About The Study:
Celiac disease is when the body is having an immune reaction to the protein gluten. It can create inflammation and damage the small intestinal lining which can lead to many medical complications. Having celiac disease also leaves your body unable to absorb nutrients that are necessary for good health and growth. The current treatment for celiac disease is only done by maintaining a strict gluten-free diet. By avoiding gluten, the body is able to manage its symptoms and gives the small intestine an opportunity to heal.
Living a strict gluten-free diet can be challenging at times, especially when one goes out to eat at a restaurant that doesn’t include many gluten-free options. It can even be hard eating at family or friend’s homes. Rochester Clinical Research is currently conducting a study for people between the ages of 18-75 years old who are living with celiac disease. The study is testing three different dose levels of an oral medication vs. a placebo given to people who have celiac disease. RCR is seeking participants that have been diagnosed with celiac disease and have been on a strict gluten-free diet for at least 12 months but are still experiencing gastrointestinal symptoms. The study is looking to see if there is an improvement in their symptoms on this medication if they were to consume gluten.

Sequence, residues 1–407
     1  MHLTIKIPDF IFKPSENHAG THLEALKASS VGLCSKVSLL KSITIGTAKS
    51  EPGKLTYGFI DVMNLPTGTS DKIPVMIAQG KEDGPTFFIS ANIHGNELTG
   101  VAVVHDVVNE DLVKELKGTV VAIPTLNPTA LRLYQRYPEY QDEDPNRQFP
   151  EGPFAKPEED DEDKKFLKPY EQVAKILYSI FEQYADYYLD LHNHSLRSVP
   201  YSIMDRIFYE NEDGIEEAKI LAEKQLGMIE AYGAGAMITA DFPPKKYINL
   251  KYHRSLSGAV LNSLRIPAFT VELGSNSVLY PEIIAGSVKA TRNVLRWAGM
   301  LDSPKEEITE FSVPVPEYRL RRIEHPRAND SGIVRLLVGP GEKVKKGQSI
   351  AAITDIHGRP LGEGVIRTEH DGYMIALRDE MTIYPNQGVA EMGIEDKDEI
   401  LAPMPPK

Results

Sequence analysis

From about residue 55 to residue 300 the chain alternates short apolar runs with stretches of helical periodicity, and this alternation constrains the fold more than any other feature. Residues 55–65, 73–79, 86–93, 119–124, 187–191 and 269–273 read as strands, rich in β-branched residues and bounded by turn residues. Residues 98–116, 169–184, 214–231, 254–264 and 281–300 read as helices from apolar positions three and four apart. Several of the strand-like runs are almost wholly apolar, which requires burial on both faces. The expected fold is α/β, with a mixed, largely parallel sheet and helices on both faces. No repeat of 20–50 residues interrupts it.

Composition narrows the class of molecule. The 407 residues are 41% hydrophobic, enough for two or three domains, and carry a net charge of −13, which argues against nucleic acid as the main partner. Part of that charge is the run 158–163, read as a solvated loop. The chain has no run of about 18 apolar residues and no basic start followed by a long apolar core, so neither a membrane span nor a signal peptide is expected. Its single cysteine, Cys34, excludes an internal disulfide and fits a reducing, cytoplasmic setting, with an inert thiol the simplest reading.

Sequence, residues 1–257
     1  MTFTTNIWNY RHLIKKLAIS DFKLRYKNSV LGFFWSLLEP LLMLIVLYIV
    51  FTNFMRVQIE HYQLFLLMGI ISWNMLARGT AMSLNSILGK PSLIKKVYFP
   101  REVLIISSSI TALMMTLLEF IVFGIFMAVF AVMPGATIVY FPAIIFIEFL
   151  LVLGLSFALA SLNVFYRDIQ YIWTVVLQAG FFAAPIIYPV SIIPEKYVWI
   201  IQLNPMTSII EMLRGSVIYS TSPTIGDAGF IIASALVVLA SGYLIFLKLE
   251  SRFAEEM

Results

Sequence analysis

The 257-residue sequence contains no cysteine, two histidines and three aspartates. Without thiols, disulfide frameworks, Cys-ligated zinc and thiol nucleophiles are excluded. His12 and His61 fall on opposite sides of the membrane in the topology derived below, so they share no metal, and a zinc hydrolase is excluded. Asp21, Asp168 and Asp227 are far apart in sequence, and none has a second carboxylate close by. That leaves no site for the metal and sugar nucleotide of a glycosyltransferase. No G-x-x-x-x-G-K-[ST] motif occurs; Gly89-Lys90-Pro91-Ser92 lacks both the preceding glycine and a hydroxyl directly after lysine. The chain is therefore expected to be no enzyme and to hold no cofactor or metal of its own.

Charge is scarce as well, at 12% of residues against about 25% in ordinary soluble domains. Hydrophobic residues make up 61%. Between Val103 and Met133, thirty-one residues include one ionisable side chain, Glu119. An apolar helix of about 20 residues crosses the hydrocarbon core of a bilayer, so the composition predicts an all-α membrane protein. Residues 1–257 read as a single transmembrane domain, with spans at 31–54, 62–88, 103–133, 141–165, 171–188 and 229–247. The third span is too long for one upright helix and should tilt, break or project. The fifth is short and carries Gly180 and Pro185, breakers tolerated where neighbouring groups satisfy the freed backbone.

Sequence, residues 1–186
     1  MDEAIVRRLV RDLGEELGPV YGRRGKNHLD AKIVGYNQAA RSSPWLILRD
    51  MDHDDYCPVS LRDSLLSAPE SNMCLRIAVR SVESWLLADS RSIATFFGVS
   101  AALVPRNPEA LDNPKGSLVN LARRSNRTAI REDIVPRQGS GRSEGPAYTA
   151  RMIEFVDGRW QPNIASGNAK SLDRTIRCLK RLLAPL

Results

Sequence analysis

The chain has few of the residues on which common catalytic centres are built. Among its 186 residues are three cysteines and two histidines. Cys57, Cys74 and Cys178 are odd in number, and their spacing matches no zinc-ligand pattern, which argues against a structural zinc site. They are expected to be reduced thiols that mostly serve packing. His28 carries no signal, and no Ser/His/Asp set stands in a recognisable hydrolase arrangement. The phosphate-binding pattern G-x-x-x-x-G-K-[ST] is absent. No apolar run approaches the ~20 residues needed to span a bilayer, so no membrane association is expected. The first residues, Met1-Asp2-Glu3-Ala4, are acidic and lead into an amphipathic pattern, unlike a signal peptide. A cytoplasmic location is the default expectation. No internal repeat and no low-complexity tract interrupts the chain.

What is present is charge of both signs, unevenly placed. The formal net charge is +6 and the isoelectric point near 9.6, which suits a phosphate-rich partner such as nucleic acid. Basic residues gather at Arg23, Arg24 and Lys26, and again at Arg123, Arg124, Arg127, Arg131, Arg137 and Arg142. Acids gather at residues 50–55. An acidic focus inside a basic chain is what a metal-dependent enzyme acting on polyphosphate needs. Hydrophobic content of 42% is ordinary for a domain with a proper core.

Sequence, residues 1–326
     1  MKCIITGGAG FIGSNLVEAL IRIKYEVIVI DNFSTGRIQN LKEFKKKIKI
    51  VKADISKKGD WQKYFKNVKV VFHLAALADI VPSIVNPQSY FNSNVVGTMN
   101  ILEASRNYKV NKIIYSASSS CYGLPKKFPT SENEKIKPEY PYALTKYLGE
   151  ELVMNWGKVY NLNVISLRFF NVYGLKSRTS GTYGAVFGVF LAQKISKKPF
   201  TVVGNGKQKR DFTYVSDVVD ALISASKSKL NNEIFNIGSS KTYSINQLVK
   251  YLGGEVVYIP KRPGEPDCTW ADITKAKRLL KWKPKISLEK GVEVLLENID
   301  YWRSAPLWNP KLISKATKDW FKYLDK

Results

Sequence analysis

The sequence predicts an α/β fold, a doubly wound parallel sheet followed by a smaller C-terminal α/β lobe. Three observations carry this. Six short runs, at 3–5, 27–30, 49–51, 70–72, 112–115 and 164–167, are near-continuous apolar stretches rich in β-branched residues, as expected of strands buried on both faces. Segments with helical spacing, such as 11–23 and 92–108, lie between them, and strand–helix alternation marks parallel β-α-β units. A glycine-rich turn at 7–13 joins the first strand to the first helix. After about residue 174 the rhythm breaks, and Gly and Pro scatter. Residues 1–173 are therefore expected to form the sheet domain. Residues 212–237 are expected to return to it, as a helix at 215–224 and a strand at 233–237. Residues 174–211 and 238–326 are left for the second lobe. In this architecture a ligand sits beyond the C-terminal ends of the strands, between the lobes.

The study is approximately 28 weeks long and includes 7 visits to the office. Compensation is available for up to $770 if you qualify to participate.
- Biopsy confirmed Celiac Disease
- Between the ages of 18-75 years old
- Has maintained a gluten-free diet for at least 12 months
- Does not have a presence of other inflammatory GI disorders or systemic autoimmune diseases
- Please note* many more qualifications